Tag Archives: children’s literature

Guest post: Daisy Ashford’s The Young Visiters: A Forgotten Bestseller

In today’s guest post, recent PhD graduate Lauren O’Hagan shares a recent discovery from the Janet Powney Collection of Children’s Literature.

For the past month, I have been helping to catalogue the Janet Powney Collection in Cardiff University’s Special Collections and Archives. Having worked extensively with the collection as part of my PhD research, I was very excited to have the opportunity to reacquaint myself with the wonderful Victorian and Edwardian children’s books that it comprises. As I sifted through the familiar colourful volumes with their decorative lettering and pictorial cloth covers, enjoying the pleasant scent unique to old books, I felt like I was reencountering old friends. That was until I came across an intruder, a strange trespasser that seemed out of place in a collection largely made up of religious novels that were given as prize books to the working-class children of nineteenth- and early twentieth-century Britain.

The book stood at just 7” in height. It boasted quarter black cloth covers with marbled paper on its boards and a printed spine label: all characteristics of early publisher’s bindings (1820s-1840s) or temporary bindings. Inside, the text was printed on heavy wove paper with deckle edges, suggesting that the volume was, indeed, a product of the early nineteenth century. However, to my surprise, the front of the book clearly stated “Reset, 111th thousand Nov. 1919” meaning that 111,000 copies had been printed by November 1919. How could this be?

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The binding and paper are in a style reminiscent of early 19th century books.

With the appearance of machine-made paper in the nineteenth century, the deckle edge (which is only found on handmade paper) gradually came to be seen as a status symbol. This tradition carried forward into the twentieth century when many presses advertised two versions of the same book: one with smooth trimmed edges and a higher-priced deckle version. Could this desire for prestige explain the unusual pages of the book? Perhaps so.

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The only clue to the book’s provenance is this cryptic inscription.

But what about the binding itself? Now able to discount the fact that the book was an early publisher’s binding, the question arose that if the book was, indeed, a temporary binding, why did its owner never get it rebound? The longevity of temporary bindings was certainly underestimated, as attested by the survival of so many books with temporary bindings in special collections. Could the high quality of the temporary binding expound why the owner chose to keep it that way? Or perhaps they lacked the money to take the book to a binder and have it bound to match their own personal library. Unfortunately, the cryptic inscription on its front free endpaper – ‘Nora Xmas 1919 from “46”‘ – meant that no supporting information from census records about the socioeconomic status of the giver or recipient could be used to support this theory.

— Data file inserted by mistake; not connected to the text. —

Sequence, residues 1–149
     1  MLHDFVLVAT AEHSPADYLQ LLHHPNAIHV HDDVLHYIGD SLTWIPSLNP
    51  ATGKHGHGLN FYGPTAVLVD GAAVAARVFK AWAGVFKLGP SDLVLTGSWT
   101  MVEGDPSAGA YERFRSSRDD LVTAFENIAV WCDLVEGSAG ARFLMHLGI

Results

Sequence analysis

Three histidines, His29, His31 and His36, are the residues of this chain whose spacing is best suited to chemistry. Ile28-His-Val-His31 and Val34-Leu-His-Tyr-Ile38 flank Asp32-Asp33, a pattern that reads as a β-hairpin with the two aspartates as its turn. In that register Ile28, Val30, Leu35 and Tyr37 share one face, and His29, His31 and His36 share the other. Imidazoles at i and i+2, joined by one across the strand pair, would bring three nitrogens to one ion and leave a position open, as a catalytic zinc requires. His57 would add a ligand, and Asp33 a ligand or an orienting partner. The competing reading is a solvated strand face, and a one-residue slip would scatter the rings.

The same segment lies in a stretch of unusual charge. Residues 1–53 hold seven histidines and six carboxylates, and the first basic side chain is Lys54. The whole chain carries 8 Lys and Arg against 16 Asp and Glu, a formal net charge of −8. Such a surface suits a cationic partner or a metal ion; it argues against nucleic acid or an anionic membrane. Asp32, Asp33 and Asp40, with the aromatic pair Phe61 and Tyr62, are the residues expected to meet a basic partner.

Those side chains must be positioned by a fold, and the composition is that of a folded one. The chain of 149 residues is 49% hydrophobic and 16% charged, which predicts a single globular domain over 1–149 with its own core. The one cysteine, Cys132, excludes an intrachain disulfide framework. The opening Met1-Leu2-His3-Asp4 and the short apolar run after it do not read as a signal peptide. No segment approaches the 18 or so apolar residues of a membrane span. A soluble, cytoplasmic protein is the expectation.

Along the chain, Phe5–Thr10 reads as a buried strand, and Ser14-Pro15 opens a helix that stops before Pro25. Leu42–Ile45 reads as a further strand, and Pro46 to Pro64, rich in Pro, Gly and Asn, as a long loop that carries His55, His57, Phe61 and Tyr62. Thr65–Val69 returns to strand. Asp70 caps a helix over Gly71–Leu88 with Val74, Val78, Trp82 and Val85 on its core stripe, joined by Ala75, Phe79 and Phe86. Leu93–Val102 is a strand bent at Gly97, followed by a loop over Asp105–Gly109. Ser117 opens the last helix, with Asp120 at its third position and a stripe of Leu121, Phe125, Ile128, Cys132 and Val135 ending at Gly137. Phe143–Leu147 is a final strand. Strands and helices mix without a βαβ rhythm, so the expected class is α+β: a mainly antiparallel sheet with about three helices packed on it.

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Illustrated dust jacket, from a copy for sale by James Cummins Booksellers.

It was not until I carried out further research on book history and antiquarian booksellers’ websites that I was able to solve this conundrum. These websites revealed that the volume was, in fact, originally issued with a dustjacket bearing a decorative illustration in grey and red. The copy in Special Collections clearly lacks this dustjacket, which offers some suggestion as to why the covers beneath are so uncharacteristically plain in appearance. Priced at 3 shillings and 6 pence (roughly £7.64), the book sat at the lower end of the market. Therefore, it is possible that all its ‘antiquarian’ features served to attract potential buyers who viewed the book in shops by making it look more valuable than it actually was.

Having resolved the mystery of the book’s uncharacteristic appearance, its frontispiece presented me with a new puzzle. It showed a photograph of a little girl with the caption ‘the author’. “The author?” I thought to myself. “How can that be?” Yet, as I dug into the story behind the book, it became apparent that yes indeed, the author was just a little girl: Daisy Ashford wrote The Young Visiters, or Mister Salteena’s Plan when she was just nine years old.

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The author was just nine years old when she wrote The Young Visiters.

The Young Visiters is a society novel that parodies upper-class society in late Victorian England. It tells the story of Alfred Salteena, “an elderly man of 42”, who strives to become a gentleman in order to win the love of Ethel Monticue. Despite his best efforts, Ethel ends up marrying Bernard Clark, a real gentleman, thus breaking Alfred’s heart.

YV_manuscript

A facsimile of the original manuscript.

The novel was written by nine-year-old Ashford in 1890 in a school exercise book. The book lay forgotten in a drawer for many years until 1917 when Ashford rediscovered it and lent it to her friend, Margaret Mackenzie, who was recovering from an illness. Mackenzie passed on the book to Frank Swinnerton who worked as a reader for the publishing house Chatto and Windus. Swinnerton was so enthusiastic about the book’s raw innocence and naiveté that the publishing house immediately agreed to publish it almost exactly as it had been written. After hearing about this child prodigy, J.M. Barrie put himself forward to write the book’s preface.